Lynn Bianchi is a fine art photographer and multimedia artist who has shown her work in over thirty solo exhibitions and in museums worldwide.
Bianchi’s photographic work has been shown at Brooklyn Museum, Yale Art Gallery, Tokyo Metropolitan Museum of Photography, Musée de l’Elysée in Switzerland; Art Gallery of Ontario in Toronto among others. Servitude I from the Heavy In White series was added to the collection of Walker Art Center in 2019. The work is also reproduced in the Walker’s catalogue The Expressionist Figure among such artists as Edgar Degas, Willem de Kooning, David Hockney, Pablo Picasso, etc.
Bianchi’s art has been featured in over forty publications, including The Huffington Post, Juxtapoz Magazine, Encyclopedia of Food and Culture, Vogue Italia, AnOther Magazine, Phot’Art International, and GEO. Lynn’s work resides in numerous private collections across the globe, including Manfred Heiting’s and Edward Norton’s, as well as in museum collections including Museum of Fine Arts in Houston, Texas, Biblioteque Nationale de France in Paris, Musée Ken Damy in Brescia, Italy and 21c Museum in Louisville, Kentucky among others. She has recently exhibited in New York City at The Untitled Space, The Armory Show and BitBazel Miami NFT salon at Salomon Arts Gallery among others.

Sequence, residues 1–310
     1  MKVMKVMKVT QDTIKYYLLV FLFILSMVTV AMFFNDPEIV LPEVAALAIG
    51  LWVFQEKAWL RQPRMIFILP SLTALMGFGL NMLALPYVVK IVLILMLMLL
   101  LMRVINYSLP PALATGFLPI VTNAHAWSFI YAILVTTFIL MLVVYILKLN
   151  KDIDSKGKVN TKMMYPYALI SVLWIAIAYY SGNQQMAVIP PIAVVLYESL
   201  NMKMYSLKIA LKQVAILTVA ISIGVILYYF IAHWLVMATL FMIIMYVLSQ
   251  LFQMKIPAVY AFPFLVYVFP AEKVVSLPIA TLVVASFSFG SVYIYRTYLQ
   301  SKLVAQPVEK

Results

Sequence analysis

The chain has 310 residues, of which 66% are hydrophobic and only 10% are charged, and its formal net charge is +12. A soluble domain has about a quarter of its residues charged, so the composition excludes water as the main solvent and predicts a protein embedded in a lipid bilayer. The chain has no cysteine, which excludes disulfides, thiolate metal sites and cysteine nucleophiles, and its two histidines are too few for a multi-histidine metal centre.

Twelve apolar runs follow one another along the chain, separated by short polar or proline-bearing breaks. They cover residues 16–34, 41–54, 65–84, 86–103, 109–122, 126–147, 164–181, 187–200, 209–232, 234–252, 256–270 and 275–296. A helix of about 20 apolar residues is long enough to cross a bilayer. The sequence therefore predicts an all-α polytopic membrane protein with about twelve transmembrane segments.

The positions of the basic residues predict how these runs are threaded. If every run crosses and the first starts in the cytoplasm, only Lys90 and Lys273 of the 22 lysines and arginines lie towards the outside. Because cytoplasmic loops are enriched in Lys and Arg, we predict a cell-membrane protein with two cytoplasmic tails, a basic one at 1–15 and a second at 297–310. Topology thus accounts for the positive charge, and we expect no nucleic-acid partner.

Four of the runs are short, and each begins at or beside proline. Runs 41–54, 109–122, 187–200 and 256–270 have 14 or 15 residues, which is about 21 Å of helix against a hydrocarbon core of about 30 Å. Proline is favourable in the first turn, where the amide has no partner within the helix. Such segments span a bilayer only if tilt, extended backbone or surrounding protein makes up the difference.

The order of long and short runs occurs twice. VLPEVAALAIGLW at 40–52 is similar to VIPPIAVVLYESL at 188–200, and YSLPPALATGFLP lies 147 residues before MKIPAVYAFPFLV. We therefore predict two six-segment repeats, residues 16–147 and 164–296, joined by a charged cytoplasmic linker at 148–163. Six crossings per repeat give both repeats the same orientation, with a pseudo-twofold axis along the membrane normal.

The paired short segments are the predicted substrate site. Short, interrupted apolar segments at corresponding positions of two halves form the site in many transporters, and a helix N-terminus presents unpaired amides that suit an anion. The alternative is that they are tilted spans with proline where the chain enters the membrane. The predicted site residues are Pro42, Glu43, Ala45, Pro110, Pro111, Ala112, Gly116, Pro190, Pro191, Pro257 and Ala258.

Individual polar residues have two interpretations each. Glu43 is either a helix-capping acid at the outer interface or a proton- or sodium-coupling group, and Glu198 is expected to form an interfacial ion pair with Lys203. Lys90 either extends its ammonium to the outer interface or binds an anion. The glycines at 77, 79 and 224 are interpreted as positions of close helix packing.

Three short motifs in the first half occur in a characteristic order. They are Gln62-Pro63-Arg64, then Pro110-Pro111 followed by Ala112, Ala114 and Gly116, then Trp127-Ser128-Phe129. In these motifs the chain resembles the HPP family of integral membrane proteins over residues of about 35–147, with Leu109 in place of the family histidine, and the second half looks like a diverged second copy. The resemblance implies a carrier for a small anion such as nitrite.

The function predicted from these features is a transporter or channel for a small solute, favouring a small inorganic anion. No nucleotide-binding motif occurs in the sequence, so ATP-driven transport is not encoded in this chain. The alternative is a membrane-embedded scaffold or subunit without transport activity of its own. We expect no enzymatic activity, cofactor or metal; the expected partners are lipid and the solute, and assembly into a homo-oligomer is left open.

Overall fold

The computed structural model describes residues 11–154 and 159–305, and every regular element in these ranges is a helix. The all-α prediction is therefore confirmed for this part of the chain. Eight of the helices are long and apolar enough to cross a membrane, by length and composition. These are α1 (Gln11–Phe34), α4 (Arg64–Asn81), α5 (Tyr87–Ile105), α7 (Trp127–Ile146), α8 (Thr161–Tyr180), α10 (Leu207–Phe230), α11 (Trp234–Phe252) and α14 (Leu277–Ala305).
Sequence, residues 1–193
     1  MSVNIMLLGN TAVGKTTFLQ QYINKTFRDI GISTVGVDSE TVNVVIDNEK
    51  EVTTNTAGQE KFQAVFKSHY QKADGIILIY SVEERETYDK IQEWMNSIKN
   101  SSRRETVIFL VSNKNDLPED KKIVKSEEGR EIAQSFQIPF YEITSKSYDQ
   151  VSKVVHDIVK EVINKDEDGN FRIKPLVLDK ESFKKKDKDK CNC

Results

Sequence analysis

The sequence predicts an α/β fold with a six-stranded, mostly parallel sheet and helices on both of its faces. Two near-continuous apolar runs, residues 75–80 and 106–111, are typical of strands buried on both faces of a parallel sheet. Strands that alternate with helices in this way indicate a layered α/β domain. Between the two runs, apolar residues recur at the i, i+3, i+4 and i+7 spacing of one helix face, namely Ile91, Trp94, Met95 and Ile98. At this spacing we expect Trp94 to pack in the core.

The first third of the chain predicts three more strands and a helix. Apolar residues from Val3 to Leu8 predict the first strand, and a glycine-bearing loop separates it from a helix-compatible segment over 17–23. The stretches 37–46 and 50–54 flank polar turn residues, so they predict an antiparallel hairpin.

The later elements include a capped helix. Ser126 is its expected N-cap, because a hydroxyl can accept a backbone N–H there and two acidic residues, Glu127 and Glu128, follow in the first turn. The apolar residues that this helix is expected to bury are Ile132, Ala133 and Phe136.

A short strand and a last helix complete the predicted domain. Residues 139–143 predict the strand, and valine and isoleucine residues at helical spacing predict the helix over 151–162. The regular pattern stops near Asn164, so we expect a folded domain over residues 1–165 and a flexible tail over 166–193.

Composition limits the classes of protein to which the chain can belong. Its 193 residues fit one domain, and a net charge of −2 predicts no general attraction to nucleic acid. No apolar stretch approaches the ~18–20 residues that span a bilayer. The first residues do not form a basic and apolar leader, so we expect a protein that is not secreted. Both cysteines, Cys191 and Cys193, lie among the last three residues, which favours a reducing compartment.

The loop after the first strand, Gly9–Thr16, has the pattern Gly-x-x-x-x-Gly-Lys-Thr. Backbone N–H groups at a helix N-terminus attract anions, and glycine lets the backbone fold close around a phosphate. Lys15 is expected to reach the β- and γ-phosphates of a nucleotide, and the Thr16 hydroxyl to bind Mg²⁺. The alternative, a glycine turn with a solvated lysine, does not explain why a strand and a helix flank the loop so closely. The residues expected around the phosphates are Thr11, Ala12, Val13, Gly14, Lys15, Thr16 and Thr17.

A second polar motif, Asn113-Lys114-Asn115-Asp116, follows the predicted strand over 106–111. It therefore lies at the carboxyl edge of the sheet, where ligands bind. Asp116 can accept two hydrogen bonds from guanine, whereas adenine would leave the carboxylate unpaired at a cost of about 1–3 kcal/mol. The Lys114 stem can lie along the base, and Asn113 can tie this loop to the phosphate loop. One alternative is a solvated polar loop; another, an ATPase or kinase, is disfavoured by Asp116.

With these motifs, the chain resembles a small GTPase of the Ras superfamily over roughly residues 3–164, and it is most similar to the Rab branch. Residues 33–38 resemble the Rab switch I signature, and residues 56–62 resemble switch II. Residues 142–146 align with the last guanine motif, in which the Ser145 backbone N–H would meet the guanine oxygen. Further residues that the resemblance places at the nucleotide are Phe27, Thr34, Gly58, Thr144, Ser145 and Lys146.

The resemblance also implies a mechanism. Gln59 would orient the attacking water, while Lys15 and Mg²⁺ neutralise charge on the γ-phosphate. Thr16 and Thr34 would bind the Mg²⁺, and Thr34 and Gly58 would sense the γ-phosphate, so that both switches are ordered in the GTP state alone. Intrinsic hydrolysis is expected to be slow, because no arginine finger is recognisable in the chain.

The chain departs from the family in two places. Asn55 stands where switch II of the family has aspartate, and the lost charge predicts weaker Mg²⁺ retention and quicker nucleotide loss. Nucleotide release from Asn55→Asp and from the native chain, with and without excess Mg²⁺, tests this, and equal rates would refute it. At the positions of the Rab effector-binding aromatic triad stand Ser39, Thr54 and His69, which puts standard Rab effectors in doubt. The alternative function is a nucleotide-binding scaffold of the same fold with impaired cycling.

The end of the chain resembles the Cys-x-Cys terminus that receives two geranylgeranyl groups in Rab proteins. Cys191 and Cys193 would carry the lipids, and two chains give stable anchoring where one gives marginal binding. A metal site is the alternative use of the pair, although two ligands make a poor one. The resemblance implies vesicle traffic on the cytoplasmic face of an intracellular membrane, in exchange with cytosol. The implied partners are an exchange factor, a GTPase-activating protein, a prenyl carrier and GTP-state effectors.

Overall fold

In 2011 Lynn began working in the video field and has to date produced about 30 multimedia works. Her most recent projects are frequent winners of Best Experimental Awards and have been shown at various festivals all over the world, including New York Shorts International Film Festival, Odense International Film Festival, Montreal Independent Film Festival, Berlin Shorts Award, Moscow Shorts, Lund Architecture Film Festival, Budapest International Foto Awards, Tokyo International Foto Awards, New Earth International Film Festival in Poland, Toronto Film Magazine Festival among others. Most recently, Bianchi’s video work New York Minute participated in over 20 different film festivals around the world and was shown to the public at Cinema Village and Alamo Drafthouse in New York City among others.
Lynn’s latest works are suspended between Henri Cartier-Bresson’s idea that to photograph is to hold one’s breath with all faculties converged in an effort to capture fleeting reality, and the belief that flowing processes that transcend reality cannot be entirely captured by static images. By capturing the natural world Bianchi illustrates our human emotions and motivations. The perpetual movements of the ocean or the endless variations of a skyscape reflect our own shifting internal gestures. The artist looks for the precise moment when mastering a static or moving image becomes a great physical and intellectual joy.